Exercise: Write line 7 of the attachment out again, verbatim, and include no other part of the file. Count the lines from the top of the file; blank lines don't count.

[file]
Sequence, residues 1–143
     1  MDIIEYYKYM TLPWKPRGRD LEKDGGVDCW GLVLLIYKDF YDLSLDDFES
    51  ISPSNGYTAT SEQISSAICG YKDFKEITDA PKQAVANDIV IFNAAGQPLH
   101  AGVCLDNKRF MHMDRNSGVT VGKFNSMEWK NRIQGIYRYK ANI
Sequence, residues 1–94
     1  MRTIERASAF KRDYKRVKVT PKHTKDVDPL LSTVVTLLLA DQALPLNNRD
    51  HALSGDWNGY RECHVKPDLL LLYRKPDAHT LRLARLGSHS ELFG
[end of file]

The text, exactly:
    51  HALSGDWNGY RECHVKPDLL LLYRKPDAHT LRLARLGSHS ELFG